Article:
Pete shrugged. “She’ll have something to complain about. Probably that we failed to properly ground and protect the electrical grid, such as it is.” That’s why we always use the fail-safe thorium-sodium reactors for the first four generations at least. And one for each settlement. But not this time. No, the Board of Governors had decreed that the new city would have a reactor for electricity and would also supply the outlying settlements in the hills and on the other side of the Donau Novi River. What a silly name for a river.
“You engineering types are up awful early,” a morose voice observed. Pete smiled to see the lean shape of Professor Command Sergeant Major Martin Starhemburg standing in the shade of the grey “stone” blocks of the city wall.
“No rest for the wicked, but the righteous don’t need any,” Don called back. “What are you doing out? I thought fresh air made your hair fall out.”
“Helga’s cleaning. The light show got her all wound up and she decided to clean the house.” The retired academic gave them a pitiful look. “It’s safer outside the wall.”
“Really.” Pete sympathized, not that he would ever say such a thing.
Martin straightened up and dropped his guise of a poor, pitiful male. “Actually, I wanted to see if anyone had any of the vehicles up and running, and after getting blessed so thoroughly that I was tempted to look in a mirror to see if I’d grown horns and a forked tail, I stepped out for a while.” He sounded disgusted. “Someone left most of the vehicles on the chargers.”
“Shit,” Don snarled. “Idiots.”
Pete grimaced. “I know what the meeting will be about.”
Bettina Monsiérvo, Colonial Plantation LTD’s Donau Novi Sub-District Regional Senior Administratrix, glowered at the engineers and town administrators. Pete wondered which of her long list of irritations had upset her this time. She’s a great manager, so long as everything goes according to the proper forms and databases. Too bad reality won’t always cooperate. She’d gotten worked up enough that her bright black eyes started to bulge, never a good sign for Pete’s tranquility.
“What do you mean we have no electrical power for the vehicles? The lights are on.” She waved her hand in the direction of the ceiling. “No one’s started the reactor failure evacuation procedures.”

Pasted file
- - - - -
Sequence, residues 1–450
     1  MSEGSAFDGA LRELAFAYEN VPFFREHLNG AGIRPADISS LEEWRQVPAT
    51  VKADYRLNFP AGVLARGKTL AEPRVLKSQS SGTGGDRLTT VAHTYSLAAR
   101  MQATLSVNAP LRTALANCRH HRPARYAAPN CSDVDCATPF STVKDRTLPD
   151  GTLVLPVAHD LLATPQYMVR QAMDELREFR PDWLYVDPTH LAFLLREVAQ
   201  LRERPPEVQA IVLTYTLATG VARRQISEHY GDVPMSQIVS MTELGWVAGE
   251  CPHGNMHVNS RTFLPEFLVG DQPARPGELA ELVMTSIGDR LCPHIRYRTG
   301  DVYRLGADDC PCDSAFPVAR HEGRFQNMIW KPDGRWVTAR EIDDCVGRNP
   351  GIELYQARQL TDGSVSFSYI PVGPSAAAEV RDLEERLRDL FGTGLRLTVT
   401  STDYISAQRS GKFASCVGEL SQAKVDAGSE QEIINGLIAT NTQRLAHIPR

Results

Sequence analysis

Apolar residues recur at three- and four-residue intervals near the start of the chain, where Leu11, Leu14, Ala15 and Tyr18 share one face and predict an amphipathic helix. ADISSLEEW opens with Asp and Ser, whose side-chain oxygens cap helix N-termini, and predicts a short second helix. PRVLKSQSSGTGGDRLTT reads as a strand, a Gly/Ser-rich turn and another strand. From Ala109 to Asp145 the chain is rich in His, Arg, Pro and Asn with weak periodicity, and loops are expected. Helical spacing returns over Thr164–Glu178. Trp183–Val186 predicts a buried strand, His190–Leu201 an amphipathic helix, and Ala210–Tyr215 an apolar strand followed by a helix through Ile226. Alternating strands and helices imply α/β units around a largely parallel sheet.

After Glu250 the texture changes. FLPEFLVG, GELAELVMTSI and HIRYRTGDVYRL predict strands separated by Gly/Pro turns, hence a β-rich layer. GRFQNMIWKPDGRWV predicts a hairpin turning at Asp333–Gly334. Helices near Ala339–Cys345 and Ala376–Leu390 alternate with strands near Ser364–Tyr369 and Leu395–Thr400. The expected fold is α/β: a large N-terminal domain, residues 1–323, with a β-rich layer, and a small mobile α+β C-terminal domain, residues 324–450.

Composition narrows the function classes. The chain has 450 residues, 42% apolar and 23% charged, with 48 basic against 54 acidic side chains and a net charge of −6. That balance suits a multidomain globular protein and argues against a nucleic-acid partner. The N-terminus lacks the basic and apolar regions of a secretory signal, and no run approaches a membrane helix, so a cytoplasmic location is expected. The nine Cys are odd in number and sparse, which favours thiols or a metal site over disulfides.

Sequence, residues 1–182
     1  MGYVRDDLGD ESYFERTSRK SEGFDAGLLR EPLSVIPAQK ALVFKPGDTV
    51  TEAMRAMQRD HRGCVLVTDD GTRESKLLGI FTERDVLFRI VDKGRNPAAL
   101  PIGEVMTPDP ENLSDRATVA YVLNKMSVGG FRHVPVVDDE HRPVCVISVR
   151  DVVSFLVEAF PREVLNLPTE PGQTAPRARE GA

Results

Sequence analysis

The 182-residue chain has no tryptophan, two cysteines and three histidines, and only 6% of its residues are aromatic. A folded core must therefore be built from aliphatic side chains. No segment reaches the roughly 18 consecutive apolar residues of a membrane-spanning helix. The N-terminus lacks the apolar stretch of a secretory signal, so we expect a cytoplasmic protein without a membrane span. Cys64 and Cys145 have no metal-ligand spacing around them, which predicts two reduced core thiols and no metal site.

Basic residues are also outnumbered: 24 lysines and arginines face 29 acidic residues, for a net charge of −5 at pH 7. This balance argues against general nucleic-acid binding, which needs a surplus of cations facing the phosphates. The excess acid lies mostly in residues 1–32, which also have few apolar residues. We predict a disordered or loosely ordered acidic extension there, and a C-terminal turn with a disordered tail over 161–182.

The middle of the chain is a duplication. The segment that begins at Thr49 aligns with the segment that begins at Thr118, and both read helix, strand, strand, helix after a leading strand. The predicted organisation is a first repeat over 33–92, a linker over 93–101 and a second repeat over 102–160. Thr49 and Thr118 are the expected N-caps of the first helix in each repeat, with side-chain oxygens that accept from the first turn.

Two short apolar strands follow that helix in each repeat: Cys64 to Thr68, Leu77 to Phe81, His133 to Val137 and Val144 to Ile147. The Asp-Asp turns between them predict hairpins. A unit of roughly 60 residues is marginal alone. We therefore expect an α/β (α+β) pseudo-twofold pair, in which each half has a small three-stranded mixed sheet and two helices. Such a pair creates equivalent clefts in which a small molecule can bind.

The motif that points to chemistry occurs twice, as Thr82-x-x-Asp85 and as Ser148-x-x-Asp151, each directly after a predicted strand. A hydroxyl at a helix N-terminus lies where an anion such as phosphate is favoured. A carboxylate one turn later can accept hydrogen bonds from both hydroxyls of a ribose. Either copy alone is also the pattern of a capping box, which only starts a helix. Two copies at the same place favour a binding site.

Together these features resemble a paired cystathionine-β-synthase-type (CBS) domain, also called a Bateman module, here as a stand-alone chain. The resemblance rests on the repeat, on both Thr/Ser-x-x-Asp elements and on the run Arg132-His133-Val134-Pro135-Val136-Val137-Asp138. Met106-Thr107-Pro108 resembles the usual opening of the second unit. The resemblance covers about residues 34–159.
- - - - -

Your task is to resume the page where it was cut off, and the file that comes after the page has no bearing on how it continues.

Andrea Okofor repeated, “I’m sorry, Ms. Monsiérvo, we have no electrically powered vehicles at this time. The electromagnetic storm yesterday and overnight destroyed the power and control circuits in all but two of the ones in the central parking area, and those two were, and still are, in need of repair.”
Bettina glowered at the black-skinned power system manager (and acting chief of transport) for the settlement. “Well, fix them. They need to be functional by the time I send the quarterly status report to the District office.” She flipped the screen on her computer to the next topic. “Why have we not heard broadcasts from New Benin, New Amsterdam, ColLandPlat, or the other major cities yet today?”
“Because we can’t hear from anyone unless we use the emergency surface relays; too much ionizing radiation still in the air. Should have something tomorrow.” Arturo Montoya’s clipped report left no room for argument or debate.
“And whose fault is that?” Bettina demanded.
Pete cleared his throat. “The sun’s fault, Ms. Monsiérvo. The solar weather observers warned that the magnetic storm that hit yesterday would do this. The effects should taper off over the next two days.” He did his best to sound soothing. No point in saying anything about the shorted-out equipment, or that you should have heard and read about all this in yesterday’s bulletin and briefing.
“Humpf.” Several minutes of silence passed while everyone checked their files and tried to look inconspicuous. After a long pause she said, “What’s the progress with the water supply system studies?”
“They are complete, and routes and requirements have been selected and determined.”